This week, first lady Michelle Obama wrote an op-ed in The New York Times in response to recent initiatives by members of Congress to push back important nutrition reforms and measures against childhood obesity.
Obama, whose Let’s Move initiative has set the stage for greater nutritional awareness across the country, has led to changes like improved school lunches in 90 percent of schools and greater restrictions on the way that junk food companies target young consumers.
As a result of these and similar movements, obesity rates in young children have finally begun to drop for the first time in a decade.
“We know that when we rely on sound science, we can actually begin to turn the tide on childhood obesity,” writes the First Lady.
Yet, instead of further developing these beneficial programs, there are members of the House of Representatives working to roll them back. “They want to make it optional, not mandatory, for schools to serve fruits and vegetables to our kids.”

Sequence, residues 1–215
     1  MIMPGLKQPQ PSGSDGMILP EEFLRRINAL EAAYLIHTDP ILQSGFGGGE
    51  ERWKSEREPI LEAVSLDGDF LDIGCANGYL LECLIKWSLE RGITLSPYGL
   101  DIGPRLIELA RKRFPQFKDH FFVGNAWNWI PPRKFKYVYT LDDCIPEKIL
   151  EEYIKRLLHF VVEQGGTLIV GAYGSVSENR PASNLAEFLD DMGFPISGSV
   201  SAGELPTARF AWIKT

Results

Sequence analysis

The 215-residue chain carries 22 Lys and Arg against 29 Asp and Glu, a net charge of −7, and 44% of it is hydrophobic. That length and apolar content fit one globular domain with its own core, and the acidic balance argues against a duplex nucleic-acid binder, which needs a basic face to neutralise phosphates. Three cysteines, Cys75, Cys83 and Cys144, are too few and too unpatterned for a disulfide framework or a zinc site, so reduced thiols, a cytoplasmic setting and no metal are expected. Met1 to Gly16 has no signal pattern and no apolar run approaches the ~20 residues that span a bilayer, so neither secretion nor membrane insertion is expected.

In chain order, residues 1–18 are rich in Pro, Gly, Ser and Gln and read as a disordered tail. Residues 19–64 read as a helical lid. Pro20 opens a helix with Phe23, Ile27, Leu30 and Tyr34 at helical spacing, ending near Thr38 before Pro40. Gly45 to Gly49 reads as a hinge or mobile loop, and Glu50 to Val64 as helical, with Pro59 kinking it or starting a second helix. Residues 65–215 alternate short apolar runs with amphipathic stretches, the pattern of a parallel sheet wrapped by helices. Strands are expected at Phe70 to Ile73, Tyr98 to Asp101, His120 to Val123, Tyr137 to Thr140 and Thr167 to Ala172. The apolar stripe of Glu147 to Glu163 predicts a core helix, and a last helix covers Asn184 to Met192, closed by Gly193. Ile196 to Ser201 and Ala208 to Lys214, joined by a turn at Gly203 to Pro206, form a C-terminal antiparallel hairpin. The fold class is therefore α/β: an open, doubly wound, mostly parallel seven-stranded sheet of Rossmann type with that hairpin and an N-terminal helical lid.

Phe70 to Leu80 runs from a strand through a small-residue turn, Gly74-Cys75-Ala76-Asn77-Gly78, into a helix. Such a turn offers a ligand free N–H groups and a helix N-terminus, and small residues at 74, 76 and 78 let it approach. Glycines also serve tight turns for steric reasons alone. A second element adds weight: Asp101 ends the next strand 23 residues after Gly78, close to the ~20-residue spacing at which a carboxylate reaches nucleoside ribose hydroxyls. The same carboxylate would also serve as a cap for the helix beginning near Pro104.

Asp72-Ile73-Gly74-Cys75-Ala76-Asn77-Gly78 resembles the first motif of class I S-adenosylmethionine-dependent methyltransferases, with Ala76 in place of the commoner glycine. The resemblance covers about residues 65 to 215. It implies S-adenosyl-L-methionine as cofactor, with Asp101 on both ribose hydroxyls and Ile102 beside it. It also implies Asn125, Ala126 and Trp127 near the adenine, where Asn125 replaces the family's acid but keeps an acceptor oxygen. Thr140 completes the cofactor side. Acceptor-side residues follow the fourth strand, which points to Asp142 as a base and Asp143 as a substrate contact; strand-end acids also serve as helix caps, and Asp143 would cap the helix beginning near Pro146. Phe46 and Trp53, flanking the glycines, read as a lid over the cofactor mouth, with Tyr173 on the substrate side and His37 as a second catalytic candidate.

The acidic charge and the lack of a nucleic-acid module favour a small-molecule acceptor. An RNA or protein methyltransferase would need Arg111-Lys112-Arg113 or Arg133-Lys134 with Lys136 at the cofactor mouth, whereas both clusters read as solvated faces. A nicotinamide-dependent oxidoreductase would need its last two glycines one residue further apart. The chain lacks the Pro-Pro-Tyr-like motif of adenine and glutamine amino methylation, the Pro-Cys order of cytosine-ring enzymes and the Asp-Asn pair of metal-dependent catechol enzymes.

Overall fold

It wasn’t that long ago, Obama reminds us, that Congress decided to count tomato sauce on a slice of pizza as a vegetable. “You don’t have to be a nutritionist to know that this doesn’t make much sense,” says the First Lady.
In conclusion, Michelle Obama implores readers to turn to the experts, not elected officials, for nutritional guidance: “When we make decisions about our kids’ health, we rely on doctors and experts who can give us accurate information based on sound science. Our leaders in Washington should do the same.”
Karen Lo is an associate editor at The Daily Meal. Follow her on Twitter @appleplexy.